Letters

Outcome of pregnancy in women with insulin dependent diabetes

BMJ 1998; 316 doi: https://doi.org/10.1136/bmj.316.7130.550 (Published 14 February 1998) Cite this as: BMJ 1998;316:550

Centralisation of care leads to better outcome

  1. David Hadden, Honorary professor of endocrinologya,
  2. Anthony Traub, Consultant obstetriciana
  1. a Diabetes Pregnancy Clinic, Royal Maternity Hospital, Belfast BT12 6BA
  2. b Department of Endocrinology, Diabetes and Metabolic Medicine, UMDS, St Thomas's Hospital, London SE1 7EH
  3. c Department of Obstetrics, 9000 Aalborg, Denmark
  4. d Medical Department V, Aarhus University Hospital, 8000 Aarhus, Denmark
  5. e Danish Epidemiology Science Centre, Steno Institute of Public Health, University of Aarhus
  6. f Department of Obstetrics, Aalborg Hospital, 9000 Aalborg
  7. g Institute of Epidemiology and Social Medicine, University of Aarhus
  8. h Bradford Royal Infirmary, Bradford, West Yorkshire BD9 6RJ
  9. i Broadgreen Hospital, Liverpool L14 3LD,
  10. j School of Biological Sciences, University of Liverpool, Liverpool L69 3BX
  11. k Fetal and Infant Pathology, University of Liverpool
  12. l Department of Public Health, University of Liverpool
  13. m Women's Hospital, Liverpool L8 7NJ

    Editor—The finding of a persistently poor outcome of pregnancy in women with insulin dependent diabetes in two (northern) English regions is an important statement of the problem.1 2 Both studies provide figures and show outcomes that are no different from those widely reported in the past. Unfortunately, neither give evidence of any degree of centralisation of obstetric or diabetic care, with on-site neonatal intensive care, although this is a proved means of improving the outcome of pregnancy for diabetic mothers.3 The St Vincent declaration guidelines on the outcome of pregnancy, referred to in the accompanying editorial (p 263), are based on the Scandinavian reports held up as examples of good practice and state that “an interdisciplinary team should provide centralized diabetic pregnancy care in a hospital treating at least 20–30 cases a year. Pregnant diabetic patients should regularly visit the centre, before, during, and after the pregnancy.”

    The combined diabetes pregnancy clinic at the Royal Maternity Hospital in Belfast has existed for over 40 years, and outcome audit has shown the value of this approach.4 In an audit of over 800 pregnancies in diabetic mothers identified in Northern Ireland over the past 10 years the perinatal mortality in mothers cared for throughout at this centralised clinic during 1985–95 was 27/1000, compared with 70/1000 for patients referred later in pregnancy and 33/1000 for those mothers cared for in other maternity hospitals in Northern Ireland.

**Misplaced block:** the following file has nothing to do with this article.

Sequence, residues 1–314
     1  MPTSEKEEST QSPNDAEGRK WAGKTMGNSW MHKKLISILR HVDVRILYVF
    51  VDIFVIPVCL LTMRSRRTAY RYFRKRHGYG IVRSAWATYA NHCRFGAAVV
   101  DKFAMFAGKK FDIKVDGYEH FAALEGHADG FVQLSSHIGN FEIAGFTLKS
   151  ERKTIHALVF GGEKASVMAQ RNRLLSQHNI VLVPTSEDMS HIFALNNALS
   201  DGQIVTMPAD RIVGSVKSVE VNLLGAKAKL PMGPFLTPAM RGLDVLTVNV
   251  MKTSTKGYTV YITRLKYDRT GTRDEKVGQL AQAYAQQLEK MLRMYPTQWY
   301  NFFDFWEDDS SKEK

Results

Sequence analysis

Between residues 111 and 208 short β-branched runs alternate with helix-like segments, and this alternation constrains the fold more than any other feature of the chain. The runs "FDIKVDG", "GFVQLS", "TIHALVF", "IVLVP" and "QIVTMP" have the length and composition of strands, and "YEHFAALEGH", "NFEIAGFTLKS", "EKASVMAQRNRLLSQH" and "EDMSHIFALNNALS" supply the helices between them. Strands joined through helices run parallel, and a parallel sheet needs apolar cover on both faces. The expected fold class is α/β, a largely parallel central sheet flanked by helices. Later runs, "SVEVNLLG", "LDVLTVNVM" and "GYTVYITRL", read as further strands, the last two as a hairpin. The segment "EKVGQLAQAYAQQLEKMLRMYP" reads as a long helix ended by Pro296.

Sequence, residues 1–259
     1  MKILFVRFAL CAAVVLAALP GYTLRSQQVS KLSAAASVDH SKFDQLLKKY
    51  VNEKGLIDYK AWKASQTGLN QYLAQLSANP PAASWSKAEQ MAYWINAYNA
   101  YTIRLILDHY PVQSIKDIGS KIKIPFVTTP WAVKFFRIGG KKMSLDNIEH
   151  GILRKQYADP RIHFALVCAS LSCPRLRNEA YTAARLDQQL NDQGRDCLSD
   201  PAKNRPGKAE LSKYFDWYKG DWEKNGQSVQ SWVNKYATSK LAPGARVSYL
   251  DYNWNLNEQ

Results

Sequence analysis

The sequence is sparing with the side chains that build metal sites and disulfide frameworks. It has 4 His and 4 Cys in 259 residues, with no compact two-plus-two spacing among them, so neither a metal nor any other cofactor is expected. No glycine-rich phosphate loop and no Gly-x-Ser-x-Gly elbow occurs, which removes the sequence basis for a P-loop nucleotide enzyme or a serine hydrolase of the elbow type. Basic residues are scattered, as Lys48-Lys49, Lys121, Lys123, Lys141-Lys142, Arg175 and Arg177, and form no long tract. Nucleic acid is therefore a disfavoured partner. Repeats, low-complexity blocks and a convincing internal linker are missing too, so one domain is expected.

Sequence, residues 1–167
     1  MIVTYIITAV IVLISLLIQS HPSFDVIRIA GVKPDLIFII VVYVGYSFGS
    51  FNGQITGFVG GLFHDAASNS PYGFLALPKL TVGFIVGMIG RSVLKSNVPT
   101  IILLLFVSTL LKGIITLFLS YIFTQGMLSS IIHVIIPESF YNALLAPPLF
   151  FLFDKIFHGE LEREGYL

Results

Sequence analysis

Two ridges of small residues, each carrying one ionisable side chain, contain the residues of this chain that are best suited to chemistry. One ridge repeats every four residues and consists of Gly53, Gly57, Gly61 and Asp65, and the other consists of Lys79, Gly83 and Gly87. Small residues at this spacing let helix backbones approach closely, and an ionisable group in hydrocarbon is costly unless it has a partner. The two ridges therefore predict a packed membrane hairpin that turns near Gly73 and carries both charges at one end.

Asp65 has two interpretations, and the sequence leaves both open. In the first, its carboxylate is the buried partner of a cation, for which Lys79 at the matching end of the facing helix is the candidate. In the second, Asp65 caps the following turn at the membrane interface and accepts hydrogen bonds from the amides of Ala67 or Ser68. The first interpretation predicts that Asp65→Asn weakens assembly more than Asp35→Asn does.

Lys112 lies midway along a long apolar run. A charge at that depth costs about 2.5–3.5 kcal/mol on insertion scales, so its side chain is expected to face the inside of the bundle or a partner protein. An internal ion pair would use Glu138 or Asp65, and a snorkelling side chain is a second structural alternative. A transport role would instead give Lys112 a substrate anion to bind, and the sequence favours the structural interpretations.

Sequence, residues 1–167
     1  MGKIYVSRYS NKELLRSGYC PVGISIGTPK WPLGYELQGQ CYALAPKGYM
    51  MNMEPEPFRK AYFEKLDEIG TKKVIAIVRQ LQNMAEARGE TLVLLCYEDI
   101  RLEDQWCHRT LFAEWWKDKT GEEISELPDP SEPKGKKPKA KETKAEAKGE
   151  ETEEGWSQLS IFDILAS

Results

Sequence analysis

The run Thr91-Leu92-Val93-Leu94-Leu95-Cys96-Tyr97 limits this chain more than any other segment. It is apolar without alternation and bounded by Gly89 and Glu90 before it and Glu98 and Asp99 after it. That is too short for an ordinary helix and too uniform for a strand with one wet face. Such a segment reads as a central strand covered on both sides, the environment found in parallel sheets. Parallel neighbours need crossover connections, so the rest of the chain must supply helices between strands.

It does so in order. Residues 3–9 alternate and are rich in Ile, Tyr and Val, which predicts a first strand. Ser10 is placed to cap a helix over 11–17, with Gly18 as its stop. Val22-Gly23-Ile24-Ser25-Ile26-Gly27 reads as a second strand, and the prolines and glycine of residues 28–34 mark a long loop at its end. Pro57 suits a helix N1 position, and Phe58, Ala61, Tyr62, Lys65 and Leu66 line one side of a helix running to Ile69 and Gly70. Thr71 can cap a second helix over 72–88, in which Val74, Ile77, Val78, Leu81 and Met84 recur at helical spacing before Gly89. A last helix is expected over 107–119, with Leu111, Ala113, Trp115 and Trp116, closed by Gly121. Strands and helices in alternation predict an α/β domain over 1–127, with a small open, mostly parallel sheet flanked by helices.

Overall perinatal mortality for the whole population of Northern Ireland (1.5 million) during this decade was 9.3/1000 total births, so that even at a centralised clinic there is still an increased risk in diabetic pregnancy. Centralisation of care and improved cooperation among the obstetricians and diabetes physicians within a health region will lead to a better outcome.5

    References

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    Rate of congenital malformations is almost certainly gross underestimate

    1. Clara Lowy, Reader in medicineb
    1. a Diabetes Pregnancy Clinic, Royal Maternity Hospital, Belfast BT12 6BA
    2. b Department of Endocrinology, Diabetes and Metabolic Medicine, UMDS, St Thomas's Hospital, London SE1 7EH
    3. c Department of Obstetrics, 9000 Aalborg, Denmark
    4. d Medical Department V, Aarhus University Hospital, 8000 Aarhus, Denmark
    5. e Danish Epidemiology Science Centre, Steno Institute of Public Health, University of Aarhus
    6. f Department of Obstetrics, Aalborg Hospital, 9000 Aalborg
    7. g Institute of Epidemiology and Social Medicine, University of Aarhus
    8. h Bradford Royal Infirmary, Bradford, West Yorkshire BD9 6RJ
    9. i Broadgreen Hospital, Liverpool L14 3LD,
    10. j School of Biological Sciences, University of Liverpool, Liverpool L69 3BX
    11. k Fetal and Infant Pathology, University of Liverpool
    12. l Department of Public Health, University of Liverpool
    13. m Women's Hospital, Liverpool L8 7NJ

      Editor—Casson et al make several misrepresentations …

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